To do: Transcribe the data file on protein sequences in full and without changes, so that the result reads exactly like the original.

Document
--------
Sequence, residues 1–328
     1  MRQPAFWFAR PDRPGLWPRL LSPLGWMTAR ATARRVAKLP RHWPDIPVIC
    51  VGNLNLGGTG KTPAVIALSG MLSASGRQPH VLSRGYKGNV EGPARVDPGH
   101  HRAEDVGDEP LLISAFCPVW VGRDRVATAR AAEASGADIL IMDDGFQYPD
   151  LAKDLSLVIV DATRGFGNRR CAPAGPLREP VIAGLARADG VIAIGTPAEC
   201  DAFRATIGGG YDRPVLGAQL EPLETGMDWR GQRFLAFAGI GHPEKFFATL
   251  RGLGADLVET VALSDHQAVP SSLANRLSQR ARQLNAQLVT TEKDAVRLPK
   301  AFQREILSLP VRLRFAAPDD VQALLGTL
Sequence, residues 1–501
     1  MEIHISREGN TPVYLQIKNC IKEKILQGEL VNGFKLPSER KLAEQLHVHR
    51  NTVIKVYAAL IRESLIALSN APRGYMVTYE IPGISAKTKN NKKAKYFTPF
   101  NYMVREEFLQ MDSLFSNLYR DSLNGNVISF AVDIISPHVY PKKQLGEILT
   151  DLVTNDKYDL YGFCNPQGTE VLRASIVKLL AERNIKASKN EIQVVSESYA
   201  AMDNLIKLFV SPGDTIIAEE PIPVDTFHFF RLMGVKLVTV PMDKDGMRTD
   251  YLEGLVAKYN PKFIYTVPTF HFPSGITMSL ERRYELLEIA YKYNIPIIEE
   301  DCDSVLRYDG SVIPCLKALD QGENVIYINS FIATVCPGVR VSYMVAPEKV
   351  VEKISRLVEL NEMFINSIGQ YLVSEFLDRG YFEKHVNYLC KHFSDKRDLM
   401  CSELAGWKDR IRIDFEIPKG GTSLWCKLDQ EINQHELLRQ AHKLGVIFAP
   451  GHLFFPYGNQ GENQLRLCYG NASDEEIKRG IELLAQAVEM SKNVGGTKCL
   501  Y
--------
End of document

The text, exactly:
Sequence, residues 1–328
     1  MRQPAFWFAR PDRPGLWPRL LSPLGWMTAR ATARRVAKLP RHWPDIPVIC
    51  VGNLNLGGTG KTPAVIALSG MLSASGRQPH VLSRGYKGNV EGPARVDPGH
   101  HRAEDVGDEP LLISAFCPVW VGRDRVATAR AAEASGADIL IMDDGFQYPD
   151  LAKDLSLVIV DATRGFGNRR CAPAGPLREP VIAGLARADG VIAIGTPAEC
   201  DAFRATIGGG YDRPVLGAQL EPLETGMDWR GQRFLAFAGI GHPEKFFATL
   251  RGLGADLVET VALSDHQAVP SSLANRLSQR ARQLNAQLVT TEKDAVRLPK
   301  AFQREILSLP VRLRFAAPDD VQALLGTL
Sequence, residues 1–501
     1  MEIHISREGN TPVYLQIKNC IKEKILQGEL VNGFKLPSER KLAEQLHVHR
    51  NTVIKVYAAL IRESLIALSN APRGYMVTYE IPGISAKTKN NKKAKYFTPF
   101  NYMVREEFLQ MDSLFSNLYR DSLNGNVISF AVDIISPHVY PKKQLGEILT
   151  DLVTNDKYDL YGFCNPQGTE VLRASIVKLL AERNIKASKN EIQVVSESYA
   201  AMDNLIKLFV SPGDTIIAEE PIPVDTFHFF RLMGVKLVTV PMDKDGMRTD
   251  YLEGLVAKYN PKFIYTVPTF HFPSGITMSL ERRYELLEIA YKYNIPIIEE
   301  DCDSVLRYDG SVIPCLKALD QGENVIYINS FIATVCPGVR VSYMVAPEKV
   351  VEKISRLVEL NEMFINSIGQ YLVSEFLDRG YFEKHVNYLC KHFSDKRDLM
   401  CSELAGWKDR IRIDFEIPKG GTSLWCKLDQ EINQHELLRQ AHKLGVIFAP
   451  GHLFFPYGNQ GENQLRLCYG NASDEEIKRG IELLAQAVEM SKNVGGTKCL
   501  Y